47 Pages Posted: 9 May 2009
Date Written: January 1, 1988
Traditionally, tort scholars had claimed that the motives underlying a tortfeasor's decision to act were largely irrelevant. This Article challenges that view by showing the recurring importance of motive. Specifically, whether the actor is perceived to have been motivated by a desire for personal economic gain or, conversely, motivated by altruism correlates closely with the development of tort doctrine imposing liability on the former and immunizing the latter.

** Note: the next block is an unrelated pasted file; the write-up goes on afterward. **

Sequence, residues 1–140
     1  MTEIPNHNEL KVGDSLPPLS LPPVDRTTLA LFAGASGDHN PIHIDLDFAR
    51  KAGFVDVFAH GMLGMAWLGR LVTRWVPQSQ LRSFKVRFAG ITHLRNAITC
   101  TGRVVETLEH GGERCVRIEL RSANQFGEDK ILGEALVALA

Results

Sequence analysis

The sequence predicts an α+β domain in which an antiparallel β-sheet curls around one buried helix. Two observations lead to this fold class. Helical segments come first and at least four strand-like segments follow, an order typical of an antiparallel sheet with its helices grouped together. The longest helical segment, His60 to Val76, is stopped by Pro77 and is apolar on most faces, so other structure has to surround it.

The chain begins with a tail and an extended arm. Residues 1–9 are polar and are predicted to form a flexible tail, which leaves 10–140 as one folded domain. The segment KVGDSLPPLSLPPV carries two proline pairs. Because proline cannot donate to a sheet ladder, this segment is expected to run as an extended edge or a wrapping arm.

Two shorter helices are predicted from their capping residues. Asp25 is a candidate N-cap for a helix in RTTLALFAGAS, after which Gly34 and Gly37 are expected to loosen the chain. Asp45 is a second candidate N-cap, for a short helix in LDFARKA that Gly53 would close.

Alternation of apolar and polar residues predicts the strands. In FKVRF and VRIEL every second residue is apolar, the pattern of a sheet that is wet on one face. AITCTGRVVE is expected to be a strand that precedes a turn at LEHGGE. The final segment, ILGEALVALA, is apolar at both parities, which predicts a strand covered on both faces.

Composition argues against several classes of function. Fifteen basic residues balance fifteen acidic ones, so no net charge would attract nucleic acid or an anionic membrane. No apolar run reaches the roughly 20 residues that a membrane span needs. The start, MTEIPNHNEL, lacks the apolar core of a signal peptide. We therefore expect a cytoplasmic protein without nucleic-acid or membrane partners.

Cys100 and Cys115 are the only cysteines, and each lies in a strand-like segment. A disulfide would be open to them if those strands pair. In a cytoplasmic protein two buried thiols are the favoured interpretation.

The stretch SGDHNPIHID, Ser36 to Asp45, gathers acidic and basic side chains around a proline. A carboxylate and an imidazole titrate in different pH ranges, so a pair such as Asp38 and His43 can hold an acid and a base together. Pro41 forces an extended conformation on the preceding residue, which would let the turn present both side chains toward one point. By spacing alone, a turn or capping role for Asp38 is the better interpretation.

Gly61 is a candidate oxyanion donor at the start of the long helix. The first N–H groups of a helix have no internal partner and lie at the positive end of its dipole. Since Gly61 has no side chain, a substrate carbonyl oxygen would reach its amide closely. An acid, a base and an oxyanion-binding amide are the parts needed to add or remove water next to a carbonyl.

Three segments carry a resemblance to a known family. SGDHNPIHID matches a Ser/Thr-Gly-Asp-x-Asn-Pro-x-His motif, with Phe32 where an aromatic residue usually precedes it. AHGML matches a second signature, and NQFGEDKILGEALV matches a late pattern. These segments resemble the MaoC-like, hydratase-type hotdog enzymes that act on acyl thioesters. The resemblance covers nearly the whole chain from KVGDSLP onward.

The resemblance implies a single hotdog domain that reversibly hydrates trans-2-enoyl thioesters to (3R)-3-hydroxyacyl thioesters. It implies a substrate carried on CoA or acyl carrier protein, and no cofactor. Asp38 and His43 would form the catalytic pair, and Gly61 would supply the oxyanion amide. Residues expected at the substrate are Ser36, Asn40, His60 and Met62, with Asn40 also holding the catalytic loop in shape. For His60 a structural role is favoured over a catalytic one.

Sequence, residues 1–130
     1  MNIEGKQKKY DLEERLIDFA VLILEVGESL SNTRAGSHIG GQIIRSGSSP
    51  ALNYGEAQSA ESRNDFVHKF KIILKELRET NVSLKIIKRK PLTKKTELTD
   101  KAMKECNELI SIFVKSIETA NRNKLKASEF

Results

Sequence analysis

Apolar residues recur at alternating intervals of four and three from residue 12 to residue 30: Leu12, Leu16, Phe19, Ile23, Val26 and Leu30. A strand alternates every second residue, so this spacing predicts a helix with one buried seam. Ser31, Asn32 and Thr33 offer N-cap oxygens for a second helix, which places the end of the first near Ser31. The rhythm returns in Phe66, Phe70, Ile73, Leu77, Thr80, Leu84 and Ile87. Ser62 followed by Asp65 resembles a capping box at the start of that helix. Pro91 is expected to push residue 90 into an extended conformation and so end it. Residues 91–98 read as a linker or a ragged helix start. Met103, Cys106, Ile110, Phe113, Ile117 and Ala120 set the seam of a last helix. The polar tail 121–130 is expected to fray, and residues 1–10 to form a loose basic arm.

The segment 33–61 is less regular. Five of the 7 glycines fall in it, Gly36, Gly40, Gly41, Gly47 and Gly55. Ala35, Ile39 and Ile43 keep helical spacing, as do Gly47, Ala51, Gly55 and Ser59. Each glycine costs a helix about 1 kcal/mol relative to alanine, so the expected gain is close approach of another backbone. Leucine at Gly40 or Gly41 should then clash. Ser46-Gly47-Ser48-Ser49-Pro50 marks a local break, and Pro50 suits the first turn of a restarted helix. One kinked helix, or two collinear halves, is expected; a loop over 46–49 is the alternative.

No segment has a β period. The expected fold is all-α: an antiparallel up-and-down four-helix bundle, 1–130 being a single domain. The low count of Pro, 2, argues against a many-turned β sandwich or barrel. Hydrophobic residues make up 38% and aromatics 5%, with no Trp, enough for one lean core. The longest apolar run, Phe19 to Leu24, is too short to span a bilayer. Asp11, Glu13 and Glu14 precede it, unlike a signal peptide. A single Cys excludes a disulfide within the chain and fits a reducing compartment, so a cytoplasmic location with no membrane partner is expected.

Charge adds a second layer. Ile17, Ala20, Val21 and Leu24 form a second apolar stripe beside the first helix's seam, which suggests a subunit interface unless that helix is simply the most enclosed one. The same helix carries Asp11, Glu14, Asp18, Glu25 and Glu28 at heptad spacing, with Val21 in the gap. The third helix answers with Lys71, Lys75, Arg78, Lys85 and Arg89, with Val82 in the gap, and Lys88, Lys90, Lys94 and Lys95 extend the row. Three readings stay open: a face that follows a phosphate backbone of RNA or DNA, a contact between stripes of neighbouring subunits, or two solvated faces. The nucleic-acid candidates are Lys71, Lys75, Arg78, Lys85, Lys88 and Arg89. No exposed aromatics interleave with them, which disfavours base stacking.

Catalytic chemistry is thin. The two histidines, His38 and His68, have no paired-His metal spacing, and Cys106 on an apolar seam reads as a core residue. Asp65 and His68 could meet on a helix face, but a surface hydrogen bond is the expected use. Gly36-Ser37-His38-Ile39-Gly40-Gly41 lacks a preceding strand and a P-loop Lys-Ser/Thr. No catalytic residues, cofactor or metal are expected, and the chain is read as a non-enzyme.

The observation that the economically motivated actor has been disfavored historically contradicts much of the descriptive and normative law and economics literature which argued that wealth maximizing behavior was and should be promoted by the legal system.
Keywords: torts, tort law, motivation, motive, personal gain
JEL Classification: K13
Suggested Citation: Suggested Citation
Kotler, Martin A., Motivation and Tort Law: Acting for Economic Gain as a Suspect Motive (January 1, 1988). Vanderbilt Law Review, Vol. 41, 1988. Available at SSRN: https://ssrn.com/abstract=1401519